Banish Morning Fatigue



You may feel tired in the morning if you’re not getting enough sleep but it also can be linked to your physical and mental health. A few lifestyle changes can help you fight that morning fog. Some are easy to add to your morning routine but others can take a little time to get use to.


We all love to hit that snooze button but research shows that it has a negative effect on our brain and our morning routine and creates more fragmented sleep. 

Pro-tip: Try the 90-minute sleep cycle hack by setting two alarms — one for 90 minutes before you want to wake up and one for when you actually want to wake up.


2. Drink a glass of water first thing

Fatigue is a classic symptom of dehydration, and can trigger feelings of sleepiness, changes in cognitive ability, and mood disruptions. Let a glass of water freshen up your entire body before you get moving. If water isn't your thing we suggest a wheatgrass shot to get that energy flowing.


3. Splash your face with cold water

Taking cold showers are reported to reduce sick-day absences from work.But these can take time to get use to and are not for everyone. If you don’t want to take a full shower, a splash of cold water to the face, to signal a temperature change to your body, can also do the trick.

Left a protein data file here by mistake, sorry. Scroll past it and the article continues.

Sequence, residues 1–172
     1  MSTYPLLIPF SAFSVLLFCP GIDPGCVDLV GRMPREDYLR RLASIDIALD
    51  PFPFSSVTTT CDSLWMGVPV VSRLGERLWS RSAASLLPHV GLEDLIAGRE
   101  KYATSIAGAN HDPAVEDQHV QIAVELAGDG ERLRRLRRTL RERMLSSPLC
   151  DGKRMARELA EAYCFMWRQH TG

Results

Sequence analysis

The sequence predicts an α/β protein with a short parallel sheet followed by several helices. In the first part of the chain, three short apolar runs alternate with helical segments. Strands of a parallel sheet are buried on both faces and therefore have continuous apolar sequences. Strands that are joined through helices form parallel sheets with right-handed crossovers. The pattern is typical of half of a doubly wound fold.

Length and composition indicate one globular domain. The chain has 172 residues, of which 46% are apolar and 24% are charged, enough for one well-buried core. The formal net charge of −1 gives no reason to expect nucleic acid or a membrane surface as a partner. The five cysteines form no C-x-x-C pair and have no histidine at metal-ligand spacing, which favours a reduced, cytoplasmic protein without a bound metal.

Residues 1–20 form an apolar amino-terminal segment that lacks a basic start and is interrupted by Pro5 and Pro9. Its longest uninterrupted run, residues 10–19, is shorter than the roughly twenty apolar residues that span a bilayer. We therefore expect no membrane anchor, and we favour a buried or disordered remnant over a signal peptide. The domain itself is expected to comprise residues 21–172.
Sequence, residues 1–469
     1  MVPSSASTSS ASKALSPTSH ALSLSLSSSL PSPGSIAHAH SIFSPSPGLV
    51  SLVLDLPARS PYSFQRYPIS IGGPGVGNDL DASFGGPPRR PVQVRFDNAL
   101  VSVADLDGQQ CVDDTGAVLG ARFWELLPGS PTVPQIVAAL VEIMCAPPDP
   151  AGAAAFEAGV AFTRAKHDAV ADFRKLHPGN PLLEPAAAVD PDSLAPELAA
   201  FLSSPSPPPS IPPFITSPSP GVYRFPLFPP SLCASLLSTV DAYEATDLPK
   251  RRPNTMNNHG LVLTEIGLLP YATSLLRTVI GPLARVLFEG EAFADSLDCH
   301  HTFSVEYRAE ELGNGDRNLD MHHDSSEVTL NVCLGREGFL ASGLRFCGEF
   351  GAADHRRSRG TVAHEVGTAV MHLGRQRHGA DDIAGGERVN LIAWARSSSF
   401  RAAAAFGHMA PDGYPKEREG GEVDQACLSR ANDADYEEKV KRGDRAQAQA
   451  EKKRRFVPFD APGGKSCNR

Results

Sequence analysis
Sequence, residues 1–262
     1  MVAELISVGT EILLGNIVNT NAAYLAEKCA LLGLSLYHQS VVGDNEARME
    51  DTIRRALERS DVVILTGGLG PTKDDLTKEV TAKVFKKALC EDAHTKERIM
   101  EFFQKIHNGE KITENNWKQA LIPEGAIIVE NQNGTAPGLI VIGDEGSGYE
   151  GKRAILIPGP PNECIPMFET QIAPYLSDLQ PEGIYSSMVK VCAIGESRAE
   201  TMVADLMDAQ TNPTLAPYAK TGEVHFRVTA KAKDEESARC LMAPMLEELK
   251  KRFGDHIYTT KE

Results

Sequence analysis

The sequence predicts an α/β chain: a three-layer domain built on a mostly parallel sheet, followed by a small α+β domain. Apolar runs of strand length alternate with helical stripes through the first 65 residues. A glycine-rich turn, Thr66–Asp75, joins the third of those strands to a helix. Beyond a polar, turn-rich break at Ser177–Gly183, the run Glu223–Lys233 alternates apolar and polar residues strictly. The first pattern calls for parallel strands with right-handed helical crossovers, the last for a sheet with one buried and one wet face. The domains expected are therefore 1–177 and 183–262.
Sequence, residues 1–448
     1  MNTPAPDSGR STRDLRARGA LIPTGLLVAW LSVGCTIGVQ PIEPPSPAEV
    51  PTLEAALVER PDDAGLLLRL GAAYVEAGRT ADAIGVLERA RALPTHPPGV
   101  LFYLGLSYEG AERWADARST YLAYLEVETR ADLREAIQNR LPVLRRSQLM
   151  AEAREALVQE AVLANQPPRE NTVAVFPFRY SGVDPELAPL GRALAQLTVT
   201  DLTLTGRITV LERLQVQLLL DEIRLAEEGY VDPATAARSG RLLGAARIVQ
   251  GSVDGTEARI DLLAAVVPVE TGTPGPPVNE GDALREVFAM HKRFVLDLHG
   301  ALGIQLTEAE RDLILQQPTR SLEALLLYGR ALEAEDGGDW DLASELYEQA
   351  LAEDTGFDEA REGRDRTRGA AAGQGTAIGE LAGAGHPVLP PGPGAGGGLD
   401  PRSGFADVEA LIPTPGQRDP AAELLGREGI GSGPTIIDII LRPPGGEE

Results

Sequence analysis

4. Eat a breakfast that includes protein

Research shows that skipping this first meal can negatively affect your energy and ability to pay attention throughout the day.Food is fuel. Give your body some calories to put it into action at the start of the day. 

A high protein breakfast has been shown to benefit muscle health and to support weight loss by increasing muscle mass, energy expenditure (calories burned), satiety hormones, glucose regulation and by decreasing the desire to snack at night.


5. Do some light exercise

Research shows doing some light stretches, yoga, pilates or a jog can really help lift that morning fatigue. It also helps boost your energy throughout the day. Improve focus and cognition. Put you in a better mood. Lower your risk for diabetes.